Experience a Website without a Mouse

 

 

 

“Lose the Mouse” Challenge  

 

Some basic instructions

Use keyboard-only commands for the next 15 minutes to get around.   It is our goal that in this 15 minutes you can assimilate what an individual who uses a screen reader to navigate a website might experience.  

Ready to get started?  Print this page from reference.  Close your browser and put your Mouse away!  Here are some Keyboard short cuts to use to open a website and to help you navigate the page without using your mouse:

  • Select the Windows key or, press the Control + Esc buttons (This opens the Windows menu)
  • Use the up and down arrows to find your browser (i.e. Chrome)
  • With the browser highlighted hit enter.
  • Type in the page address or, use the TAB key to get to the search box or  to the “recently opened” web pages.

Use the following to navigate the page or other tabs (Typically works with Google Chrome, Firefox and MS Edge):

  • Use the TAB Key across the web page to find links- (This scrolls left to right)
  • Further down the page, use Shift + TAB - (to go back up through the links)
  • Use the Enter key to activate a link you land on
  • Backspace or ALT + Left Arrow  - (Go back to previous page)
  • ALT + Right Arrow -  (Go forward a page)

Some other keyboard short cuts:

  • Up and Down Arrow keys –(Scrolls through the page)
  • HOME- (key takes you to the top of the page)
  • END - (key takes you to the bottom of the page)
  • CTRL + (Zoom-in)
  • CTRL –  (Zoom-out)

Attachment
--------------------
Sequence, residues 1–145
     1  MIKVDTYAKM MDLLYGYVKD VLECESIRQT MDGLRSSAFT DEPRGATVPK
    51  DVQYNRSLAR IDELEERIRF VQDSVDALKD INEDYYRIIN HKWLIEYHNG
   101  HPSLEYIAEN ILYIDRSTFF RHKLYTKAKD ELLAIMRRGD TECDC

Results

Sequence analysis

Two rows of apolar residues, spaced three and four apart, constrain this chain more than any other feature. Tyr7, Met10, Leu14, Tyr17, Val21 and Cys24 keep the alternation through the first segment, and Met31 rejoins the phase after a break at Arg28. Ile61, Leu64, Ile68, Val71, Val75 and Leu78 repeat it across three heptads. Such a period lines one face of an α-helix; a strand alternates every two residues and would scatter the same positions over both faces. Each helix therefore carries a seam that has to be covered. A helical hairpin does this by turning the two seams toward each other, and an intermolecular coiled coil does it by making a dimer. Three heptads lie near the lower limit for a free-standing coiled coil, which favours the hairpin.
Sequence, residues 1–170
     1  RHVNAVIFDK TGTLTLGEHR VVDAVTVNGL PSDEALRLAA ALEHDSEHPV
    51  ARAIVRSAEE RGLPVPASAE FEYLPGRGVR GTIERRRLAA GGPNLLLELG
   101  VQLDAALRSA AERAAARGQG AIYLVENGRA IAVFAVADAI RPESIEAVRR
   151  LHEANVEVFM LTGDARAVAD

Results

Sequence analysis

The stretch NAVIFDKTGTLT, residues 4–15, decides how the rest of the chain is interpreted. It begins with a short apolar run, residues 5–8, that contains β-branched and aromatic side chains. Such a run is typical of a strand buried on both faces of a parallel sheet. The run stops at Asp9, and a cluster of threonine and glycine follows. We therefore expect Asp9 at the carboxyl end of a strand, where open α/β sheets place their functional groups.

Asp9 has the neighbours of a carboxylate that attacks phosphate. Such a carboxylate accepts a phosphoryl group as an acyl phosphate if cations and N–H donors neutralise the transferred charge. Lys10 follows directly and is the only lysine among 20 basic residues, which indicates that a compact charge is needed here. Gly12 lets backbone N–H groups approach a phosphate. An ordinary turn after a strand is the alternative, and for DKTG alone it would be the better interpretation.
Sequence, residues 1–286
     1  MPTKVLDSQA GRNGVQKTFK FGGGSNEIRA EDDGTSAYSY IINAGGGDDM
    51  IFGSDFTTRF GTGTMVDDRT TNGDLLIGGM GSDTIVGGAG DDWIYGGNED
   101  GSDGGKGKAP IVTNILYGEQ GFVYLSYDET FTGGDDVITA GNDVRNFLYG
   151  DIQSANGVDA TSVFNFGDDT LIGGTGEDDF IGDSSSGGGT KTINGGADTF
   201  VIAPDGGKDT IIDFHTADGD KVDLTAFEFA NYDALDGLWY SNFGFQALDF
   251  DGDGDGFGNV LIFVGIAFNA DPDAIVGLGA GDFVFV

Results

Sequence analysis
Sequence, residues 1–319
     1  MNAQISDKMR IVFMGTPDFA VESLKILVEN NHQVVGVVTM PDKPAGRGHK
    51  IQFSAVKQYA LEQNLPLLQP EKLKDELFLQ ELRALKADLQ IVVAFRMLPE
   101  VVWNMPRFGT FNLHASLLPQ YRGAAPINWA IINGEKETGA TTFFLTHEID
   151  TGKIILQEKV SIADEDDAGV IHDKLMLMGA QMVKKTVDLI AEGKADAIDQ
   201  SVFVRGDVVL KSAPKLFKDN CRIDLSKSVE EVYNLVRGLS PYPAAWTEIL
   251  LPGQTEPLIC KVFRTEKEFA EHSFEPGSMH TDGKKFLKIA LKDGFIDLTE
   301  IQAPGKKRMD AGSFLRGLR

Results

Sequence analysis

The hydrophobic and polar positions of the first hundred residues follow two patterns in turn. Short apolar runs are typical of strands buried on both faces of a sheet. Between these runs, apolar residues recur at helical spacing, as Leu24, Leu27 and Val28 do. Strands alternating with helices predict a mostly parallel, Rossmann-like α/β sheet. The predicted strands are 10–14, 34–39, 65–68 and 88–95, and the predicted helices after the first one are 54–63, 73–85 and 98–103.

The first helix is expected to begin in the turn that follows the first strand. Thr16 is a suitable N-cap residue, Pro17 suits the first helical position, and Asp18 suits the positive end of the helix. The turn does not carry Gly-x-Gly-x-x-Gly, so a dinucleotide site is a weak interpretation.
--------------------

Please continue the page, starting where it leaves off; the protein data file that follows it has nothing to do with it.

• CTRL + 0 (Reset zoom)
  • ALT + Home - (Open the home page)
  • CTRL + T - (Open a New tab)
  • CTRL + W - (Close current tab)
  • CTRL + SHIFT + T - (Open previously closed tab)
  • CTRL + TAB - (Switch between open tabs)

 

So, What was it like to use only your keyboard?

Did you find any benefits?  Did you find it more efficient?  Using keyboard short cuts can reduce repetitive wrist movement from mouse use.  Using Keyboard short cuts instead of mouse saves a lot of time and it can help to type faster and more accurately. 

Consider what popped out at you as being accessible or not accessible and apply this to your creation of websites.  

Screen reader users do not use a mouse. Keep in mind, if a document, application or system cannot support  a mouse-less operation, it may not support assistive technology or accessibility tools. This limits who can read your website and complete business transactions or be informed on important updates. 

To learn more about assistive technology and accessibility visit: Future Learn

 

 

Have a resource for ICT Accessibility to share with us?  Email your resource to info@mo-at.org